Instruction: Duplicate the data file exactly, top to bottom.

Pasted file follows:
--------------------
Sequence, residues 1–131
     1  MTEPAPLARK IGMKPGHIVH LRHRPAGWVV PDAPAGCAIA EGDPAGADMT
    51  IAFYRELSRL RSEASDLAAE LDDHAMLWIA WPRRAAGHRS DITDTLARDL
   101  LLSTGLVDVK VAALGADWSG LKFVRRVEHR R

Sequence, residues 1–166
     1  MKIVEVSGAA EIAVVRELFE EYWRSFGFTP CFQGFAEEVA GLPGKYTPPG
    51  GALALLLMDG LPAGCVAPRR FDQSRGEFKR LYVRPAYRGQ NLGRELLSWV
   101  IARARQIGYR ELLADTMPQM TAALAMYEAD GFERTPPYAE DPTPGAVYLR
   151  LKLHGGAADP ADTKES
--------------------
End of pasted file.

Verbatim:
Sequence, residues 1–131
     1  MTEPAPLARK IGMKPGHIVH LRHRPAGWVV PDAPAGCAIA EGDPAGADMT
    51  IAFYRELSRL RSEASDLAAE LDDHAMLWIA WPRRAAGHRS DITDTLARDL
   101  LLSTGLVDVK VAALGADWSG LKFVRRVEHR R

Sequence, residues 1–166
     1  MKIVEVSGAA EIAVVRELFE EYWRSFGFTP CFQGFAEEVA GLPGKYTPPG
    51  GALALLLMDG LPAGCVAPRR FDQSRGEFKR LYVRPAYRGQ NLGRELLSWV
   101  IARARQIGYR ELLADTMPQM TAALAMYEAD GFERTPPYAE DPTPGAVYLR
   151  LKLHGGAADP ADTKES